Share this article

print logo
Review

'Interrogation Room' makes a powerful case for drama at Road Less Traveled

Detectives Bremen and Janetty have been partners for a while and they know the routine: Pound the suspect with doubts about his statement and then make accusations couched as theories about the crime. Eventually the guy will be so confused you'll get a confession – whether he really did it or not.

The methodology might be crude, but if the confession gets tossed out later in court, hey, that's the prosecutor's problem.

"Interrogation Room," the Artie Award-winning drama now on stage at Road Less Traveled Productions, is tough stuff, in the best possible sense. Buffalo playwright Jon Elston centers his action around a murder investigation, but this is no murder mystery. You won't find a trail of clues left like breadcrumbs to lead us to the killer, and the "little gray cells" that are so helpful to Agatha Christie's Poirot don't come into play here very much.

What happens in this interrogation room comes from the gut, from emotions that only can be choked back for so long, and from long-buried secrets that refuse to stay hidden.

It takes commitment from a cast to make such a deep dive, and director Scott Behrend got that from his four actors: John Vines and Nick Stevens as the detectives investigating an adolescent girl's rape and murder; Dave Tyrik as the victim's 14-year-old brother; and Matt Witten as a neighbor who was out for a walk the night the girl was killed.

Matt Witten, left, plays a neighbor giving information in a murder being investigated by Nick Stevens in "Interrogation Room," at Road Less Traveled Productions. (Photo courtesy of Gina Gandolfo)

The case is complicated by its location. It appears that Ashley Cabin was the victim of a random attack inside her family home in an affluent neighborhood where this type of thing just doesn't happen. The only other person in the house was Mikey, Ashley's adopted brother. Unlike his sister, Mikey is black.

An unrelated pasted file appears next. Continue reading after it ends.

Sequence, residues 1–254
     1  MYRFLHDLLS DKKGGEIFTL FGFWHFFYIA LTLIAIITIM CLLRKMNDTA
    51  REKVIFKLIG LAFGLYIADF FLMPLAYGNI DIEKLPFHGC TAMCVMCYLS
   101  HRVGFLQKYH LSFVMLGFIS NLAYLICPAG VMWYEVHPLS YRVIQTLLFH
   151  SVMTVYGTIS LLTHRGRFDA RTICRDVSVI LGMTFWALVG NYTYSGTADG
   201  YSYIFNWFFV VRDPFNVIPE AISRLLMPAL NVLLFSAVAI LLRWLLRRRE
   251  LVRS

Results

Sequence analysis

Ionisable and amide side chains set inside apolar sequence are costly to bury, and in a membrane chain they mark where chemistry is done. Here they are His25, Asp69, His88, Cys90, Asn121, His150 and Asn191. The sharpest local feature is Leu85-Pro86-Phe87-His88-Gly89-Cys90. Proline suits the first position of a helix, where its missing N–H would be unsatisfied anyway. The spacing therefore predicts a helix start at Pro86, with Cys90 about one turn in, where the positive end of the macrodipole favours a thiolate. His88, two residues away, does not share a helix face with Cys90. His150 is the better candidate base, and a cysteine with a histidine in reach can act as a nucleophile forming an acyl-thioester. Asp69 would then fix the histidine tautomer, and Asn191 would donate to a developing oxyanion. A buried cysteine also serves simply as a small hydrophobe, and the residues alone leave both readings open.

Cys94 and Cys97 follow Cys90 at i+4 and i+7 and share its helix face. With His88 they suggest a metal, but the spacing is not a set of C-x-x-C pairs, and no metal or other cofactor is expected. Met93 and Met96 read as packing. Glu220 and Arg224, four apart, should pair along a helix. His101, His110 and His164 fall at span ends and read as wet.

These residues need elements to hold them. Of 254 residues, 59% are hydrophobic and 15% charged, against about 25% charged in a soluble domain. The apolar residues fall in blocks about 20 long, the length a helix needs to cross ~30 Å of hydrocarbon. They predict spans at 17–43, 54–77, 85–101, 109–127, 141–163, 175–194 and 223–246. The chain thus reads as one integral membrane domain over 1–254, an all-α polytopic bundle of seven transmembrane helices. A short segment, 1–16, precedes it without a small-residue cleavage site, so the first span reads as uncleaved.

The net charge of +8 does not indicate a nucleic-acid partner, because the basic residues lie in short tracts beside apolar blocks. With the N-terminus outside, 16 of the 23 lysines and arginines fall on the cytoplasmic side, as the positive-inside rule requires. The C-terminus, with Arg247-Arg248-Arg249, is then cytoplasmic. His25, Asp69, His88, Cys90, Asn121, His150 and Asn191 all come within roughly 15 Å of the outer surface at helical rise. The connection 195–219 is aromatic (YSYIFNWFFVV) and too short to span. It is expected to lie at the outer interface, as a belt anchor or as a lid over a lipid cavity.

And, unfortunately for him, Mikey's account of what he did that night doesn't quite add up. The show opens with Mikey alone in the interrogation room with the detectives Bremen (the black one) and Janetty (the white one) standing outside, discussing how they'll play it to crack Mikey and get this thing settled. However, things don't go as planned.

While Bremen focuses on what Mikey and his friends were really doing that day, a frustrated Janetty blurts out race-based accusations that stun both the suspect and his partner. As uncomfortable as it is to watch, it also proves effective. The detectives were right: the kid wasn't telling the truth. But, despite Mikey's confession, you have a nagging sense that they might also be wrong.

In Act II, Elston gives us another interview, a counterpoint to the aggressive shakedown of the frightened black teen. Gordon Peck, scion of one of the community's wealthiest and whitest families, has presented himself to police to talk about the case. He might know a little something, he explains, as he lives in Ashley's neighborhood, but it soon becomes clear that he is much more interested in learning what the detectives know.

Or it could be he's just messing with them.

Matt Witten plays Peck with such insulting, creepy arrogance that you desperately want him to be guilty of something, anything, so Bremen can slap the cuffs on him. But Janetty, for reasons yet to be told, holds things back. Finally, when the secrets begin to spill out, the story – everyone's story – becomes about much more than poor Ashley.

You could take issue with some of the premises in "Interrogation Room," such as whether a rich, white family would allow their 14-year-old son to be interviewed about a murder without an attorney present, or whether two partners who are detectives would know so little about each other's pasts, but this is theater, not a courtroom, and if we dwell on those small questions we will miss the larger ones.

While Elston has a lot to say about race and the American way of justice, he also has a wicked way with dialogue, and, just like the most dogged detectives, "Interrogation Room" never lets up. The elegantly spare set design by Dyan Burlingame, imitating the real interview rooms designed to make suspects feel isolated and alone, amplifies the intensity and leaves each character with nowhere to run, until, with a slur and a slam, it's over. And we can exhale.

•••

Theater review

"Interrogation Room"

★ ★ ★ ½ (out of 4)

At Road Less Traveled Theater (456 Main St.) through Nov. 24. Performances are at 7:30 p.m. Thursdays, Fridays and Saturdays and 2 p.m. Sundays. Tickets are $39 (roadlesstraveledproductions.org, box office 30 minutes before showtime). Free valet parking is across the street at Hilton Garden Inn with proof of purchase.

Story topics: /

There are no comments - be the first to comment